Europe’s Economy Surprises at End of Pandemic Year: GDP Update


Europe’s Economy Surprises at End of Pandemic Year: GDP Update


Two of the euro area’s four largest economies rounded off the pandemic year suggesting the region can avoid a deeper recession, while still facing headwinds from extended coronavirus lockdowns.

Gross domestic product in Spain unexpectedly increased 0.4%, defying expectations for a 1.4% drop. Output in France fell a less-than-forecast 1.3% after consumer spending rebounded sharply in December.

While the data signal businesses have found ways to cope with restrictions, the outlook in both countries — as in much of the rest of the region — remains gloomy. The spread of more infectious virus strains raises the risk of longer curbs and a greater need for stimulus. European Central Bank President Christine Lagarde has already promised to bolster support if needed.

Final Quarter

Consumer spending helped avert the worst for European economies

Source: National statistics institutes, Bloomberg survey of economists

Key Developments

  • Coronavirus vaccine delays risk another existential crisis for the European Union
  • EU paves way to bigger pandemic bailouts for companies
  • High-frequency indicators show actity remains subdued in January

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Spanish, Austrian GDP (9 a.m. CET)

Spanish growth at the end of last year was driven by a strong increase in household consumption. While good news, it still leaves output down 10% for the full year.

That makes Spain one of the worst-affected countries in Europe. The outsized importance of tourism for the economy and the relatively small size of companies compared to other European peers has left the nation particularly vulnerable to travel restrictions and shop closures.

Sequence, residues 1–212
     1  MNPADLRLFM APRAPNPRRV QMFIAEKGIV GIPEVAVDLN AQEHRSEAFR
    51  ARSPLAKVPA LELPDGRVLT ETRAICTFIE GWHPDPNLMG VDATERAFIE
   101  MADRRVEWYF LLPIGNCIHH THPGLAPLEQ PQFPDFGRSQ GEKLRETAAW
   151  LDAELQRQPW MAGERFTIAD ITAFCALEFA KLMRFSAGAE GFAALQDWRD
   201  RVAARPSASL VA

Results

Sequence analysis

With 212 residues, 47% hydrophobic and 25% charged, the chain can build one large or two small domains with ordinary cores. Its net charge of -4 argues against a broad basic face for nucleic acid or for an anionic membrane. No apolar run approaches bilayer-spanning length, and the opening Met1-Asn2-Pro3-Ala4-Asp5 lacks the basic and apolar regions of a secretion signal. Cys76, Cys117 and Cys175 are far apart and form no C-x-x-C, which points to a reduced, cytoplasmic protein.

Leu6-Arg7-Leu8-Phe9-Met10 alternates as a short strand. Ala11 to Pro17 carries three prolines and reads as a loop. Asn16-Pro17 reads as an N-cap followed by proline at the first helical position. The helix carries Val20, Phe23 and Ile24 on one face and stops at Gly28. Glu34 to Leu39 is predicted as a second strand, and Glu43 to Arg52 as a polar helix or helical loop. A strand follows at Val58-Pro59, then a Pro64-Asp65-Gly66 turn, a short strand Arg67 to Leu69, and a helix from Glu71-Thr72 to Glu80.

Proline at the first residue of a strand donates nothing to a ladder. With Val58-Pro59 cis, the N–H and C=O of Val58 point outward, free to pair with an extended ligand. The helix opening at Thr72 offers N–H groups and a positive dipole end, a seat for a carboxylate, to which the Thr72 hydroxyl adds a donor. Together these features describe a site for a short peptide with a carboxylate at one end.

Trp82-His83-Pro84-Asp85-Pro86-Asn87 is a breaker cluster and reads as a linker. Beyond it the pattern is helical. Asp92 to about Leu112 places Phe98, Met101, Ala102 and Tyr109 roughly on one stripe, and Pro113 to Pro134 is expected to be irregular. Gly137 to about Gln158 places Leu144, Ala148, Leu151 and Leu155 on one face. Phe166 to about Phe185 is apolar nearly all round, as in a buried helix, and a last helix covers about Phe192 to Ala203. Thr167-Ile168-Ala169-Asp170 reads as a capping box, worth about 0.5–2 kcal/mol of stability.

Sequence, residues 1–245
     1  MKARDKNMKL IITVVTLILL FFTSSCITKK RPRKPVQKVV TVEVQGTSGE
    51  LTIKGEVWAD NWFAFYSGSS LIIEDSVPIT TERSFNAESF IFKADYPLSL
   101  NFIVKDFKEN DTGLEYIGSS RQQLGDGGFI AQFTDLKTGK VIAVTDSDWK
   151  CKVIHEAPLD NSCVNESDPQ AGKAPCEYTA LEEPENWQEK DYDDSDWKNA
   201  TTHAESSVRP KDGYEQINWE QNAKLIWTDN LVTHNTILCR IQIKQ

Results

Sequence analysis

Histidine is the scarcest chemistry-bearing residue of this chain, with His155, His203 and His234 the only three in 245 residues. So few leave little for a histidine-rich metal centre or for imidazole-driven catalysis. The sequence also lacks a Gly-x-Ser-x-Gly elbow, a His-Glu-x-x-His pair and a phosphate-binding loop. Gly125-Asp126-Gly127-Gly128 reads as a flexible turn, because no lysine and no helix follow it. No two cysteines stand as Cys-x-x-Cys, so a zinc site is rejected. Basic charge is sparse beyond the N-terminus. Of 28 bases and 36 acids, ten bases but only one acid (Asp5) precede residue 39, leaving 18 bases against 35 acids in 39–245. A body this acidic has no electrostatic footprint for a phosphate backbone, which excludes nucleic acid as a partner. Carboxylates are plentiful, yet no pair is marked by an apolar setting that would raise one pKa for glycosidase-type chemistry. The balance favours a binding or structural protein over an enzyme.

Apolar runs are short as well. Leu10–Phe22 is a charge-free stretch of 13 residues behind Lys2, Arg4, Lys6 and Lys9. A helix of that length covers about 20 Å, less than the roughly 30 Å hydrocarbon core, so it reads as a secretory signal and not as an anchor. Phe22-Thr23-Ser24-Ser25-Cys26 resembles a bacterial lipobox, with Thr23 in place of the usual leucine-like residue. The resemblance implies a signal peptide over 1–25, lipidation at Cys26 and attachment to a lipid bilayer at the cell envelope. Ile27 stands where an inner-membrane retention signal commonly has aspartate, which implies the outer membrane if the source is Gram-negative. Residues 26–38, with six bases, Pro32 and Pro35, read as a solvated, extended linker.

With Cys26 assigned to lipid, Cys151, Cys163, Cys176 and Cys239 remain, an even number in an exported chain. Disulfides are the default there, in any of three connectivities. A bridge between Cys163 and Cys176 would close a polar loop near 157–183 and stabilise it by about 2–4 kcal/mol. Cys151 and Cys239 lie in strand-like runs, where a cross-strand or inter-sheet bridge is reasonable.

The Austrian economy contracted 4.3% last quarter, after surging infections forced the nation into a second lockdown. Private consumption slumped at nearly twice that rate, with tourism, trade and leisure also weighing on output.

French producer prices (8:45 a.m. CET)

Separate data in France showed pricing pressures remained weak in industry at the end of the year, confirming concerns about low inflation. French producer prices in December were down 1.2% on the year, with particularly strong declines for manufactured goods and coking and refining output.

French GDP (7:30 a.m. CET)

With restrictions in place during much of the fourth quarter, consumption was down 5.4%. Business investment though continued to grow, rising 1.5% after a 21% surge in the previous three months. Exports rose 4.8%. The smaller than expected contraction at the end of 2020 means GDP for the whole year fell 8.3%.

Authorities are considering tightening restrictions beyond the current 6 p.m. – 6 a.m. curfew but has held off a decision this week, with Finance Minister Bruno Le Maire saying another lockdown should be a last resort. Such a move would stop the economy meeting the official forecast of a 6% growth in 2021, he said.